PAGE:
13. 13. ELECTRICAL ENERGY Mains Electricity and Wiring N.B. Never inspect any part of mains wiring without first ! switching off at the main switch next to the electricity meter. Voltage The UK mains electricity supply is alternating current varying between +325 V and –325 V with a frequency of 50 Hz. It behaves as the equivalent of 230 V direct current. Live connection varies between +325 V and -325 V with respect to neutral. Earth connection is connected to the Earth, usually by a large metal sheet buried in the ground. The Earth acts as a vast reservoir of charge; electrons can flow into it or out of it easily. Therefore, its potential is 0 V. When the live is at +325 V electrons flow from Live neutral to e– e– live. +325 –325 0.02 s Neutral connection stays at 0 V with respect to the Earth. e– e– e– e– e– e– e– e– – e e– Touching the live wire is dangerous because if you are also connected to Earth, electrons can flow across the potential difference between Earth and live, through you. This will give you a shock. e– e– e– e– al e termin ave thre ockets h Plug s s: e– Therefore, switches and fuses are always placed in the live wire. e– e– Neutral When the live is at –325 V electrons flow from live to Ensure wires neutral. are connected firmly, with no stray metal conductors. Three pin plug Ensure cable grip is tightened, so if the cable is pulled, the conductors are not pulled out of their sockets. Most appliances use three core cables. The current drawn by an appliance can be calculated using the equation: Current = Power voltage Time/s = Yellow/green wire – Earth wire. This can never become live, as it will always conduct electrons into or out of the Earth, so its potential will always be 0 V. All metal cased appliances must have an Earth connection. Brown wire, live. Blue wire, neutral. Needed to complete the circuit. Inner insulation to separate the conductors. Outer insulation to protect the conductors from damage. Power 230 V Power ratings can be found on the information label on the appliance. Questions 1. What colours are the following electrical wires: live, neutral, Earth? 2. My kettle has a power output of 1 kW and my electric cooker 10 kW. What current will each draw? Why does the cooker need especially thick connecting cables? 3. Some countries use 110 V rather than 230 V for their mains supply. Suggest how the thickness of the conductors in their wiring would compare to the conductors used in the UK. How will this affect the cost of wiring a building? What advantages does using a lower voltage have? 4. Study this picture of a three-pin plug – how many faults can you find? 5. Placing a light switch in the neutral wire will not affect the operation of the light but could make changing a bulb hazardous. Why? 55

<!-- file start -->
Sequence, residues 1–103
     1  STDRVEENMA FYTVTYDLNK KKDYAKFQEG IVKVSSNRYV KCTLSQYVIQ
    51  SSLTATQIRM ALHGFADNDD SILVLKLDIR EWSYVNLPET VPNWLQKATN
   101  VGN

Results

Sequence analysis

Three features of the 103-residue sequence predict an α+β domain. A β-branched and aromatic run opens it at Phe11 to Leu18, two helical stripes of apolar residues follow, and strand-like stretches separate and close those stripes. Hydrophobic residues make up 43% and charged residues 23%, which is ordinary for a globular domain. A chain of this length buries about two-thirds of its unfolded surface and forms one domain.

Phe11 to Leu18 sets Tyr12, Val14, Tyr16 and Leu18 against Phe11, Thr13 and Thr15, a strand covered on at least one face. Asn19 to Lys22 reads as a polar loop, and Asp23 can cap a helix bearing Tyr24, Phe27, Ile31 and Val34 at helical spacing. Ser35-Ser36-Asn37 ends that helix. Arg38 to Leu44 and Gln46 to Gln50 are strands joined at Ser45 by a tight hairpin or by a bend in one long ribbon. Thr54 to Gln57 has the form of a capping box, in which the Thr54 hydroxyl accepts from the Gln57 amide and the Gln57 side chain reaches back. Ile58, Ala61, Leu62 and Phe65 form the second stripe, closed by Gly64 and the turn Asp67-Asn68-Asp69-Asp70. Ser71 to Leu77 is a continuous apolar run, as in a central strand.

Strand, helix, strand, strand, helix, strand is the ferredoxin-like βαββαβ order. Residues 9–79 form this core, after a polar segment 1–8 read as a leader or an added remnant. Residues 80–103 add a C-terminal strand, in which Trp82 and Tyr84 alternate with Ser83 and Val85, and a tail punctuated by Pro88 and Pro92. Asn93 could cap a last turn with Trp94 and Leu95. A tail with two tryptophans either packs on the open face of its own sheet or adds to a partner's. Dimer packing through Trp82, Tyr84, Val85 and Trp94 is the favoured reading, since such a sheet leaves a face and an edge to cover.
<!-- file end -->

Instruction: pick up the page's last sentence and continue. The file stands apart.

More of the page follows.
14. 14. ELECTRICAL ENERGY N.B. Never inspect any part of mains wiring without first switching off at the main switch next to the electricity meter. Electrical Safety 1. Risk of fire – due to overheating if too much current flowing. There are two main hazards with electrical appliances isk 2. R If current flows directly from live to neutral without passing through the appliance. This occurs if there is a very low resistance path leading to very large current. Malfunction leading to a short circuit L If a malfunction occurs, a very large current flows from live to Earth directly. Motor & heater Earth wire connected to case If the current in both coils is the same, the rocker stays level. If a fault develops, current in the neutral wire falls and the iron rocker is attracted magnetically to the live coil breaking the circuit. Iron rocker Advantages: Live wire coil Pivot Neutral wire coil Questions Metal case N N N A fuse is a very thin piece of wire, a weak link in the circuit. If too much current is drawn, it overheats and melts, breaking the circuit, before the wires become very hot and become a fire risk. L Residual current devices (r.c.d) can act like an Earth wire and fuse. Appliance Current Short circuit Fuses need to have a higher rating than the normal working current of the appliance but not so high that they may not fuse if a fault develops. L Standard sizes are 3 A, 5 A, and 13 A. Live wire comes into contact with metal case making it live. E Supply Fuses and the Earth wire prevent this. k oc sh of Stacking too many appliances into one socket. 1. Acts faster than a fuse, which has to melt. 2. Trips even if not all the current goes to Earth. 3. Easily resettable once the fault is corrected. The very large current in the live wire melts the fuse and breaks the circuit. The case is no longer live so cannot give a shock. Some appliances have a completely insulated (e.g. plastic) outer case so cannot become live even if a fault develops. They are double insulated. An Earth wire is not needed but fuses are still used to prevent too much current flowing causing a fire. Symbol on case 1. Choose (from 3 A, 5 A, and 13 A) the most appropriate fuse for the following: a. An electric iron of power output 800 W. b. A table lamp of power output 40 W. c. A washing machine of total power 2500 W. 2. Explain why a fuse must always be placed in the live wire. 3. Explain why a double insulated appliance does not need an Earth wire, but does need a fuse. 4. The maximum current that can be safely drawn from a normal domestic socket is 13 A. At my friend’s house, I notice a 2.5 kW electric fire, an 800 W iron, and three 100 W spot lamps all connected to a single socket. What advice should I give my friend? Use a calculation to support your answer. 5. While using my electric lawnmower I cut the flex, and the live wire comes into contact with the damp grass. An r.c.d will make this wire safe very quickly. What is an r.c.d and how does it work in this case? 56 !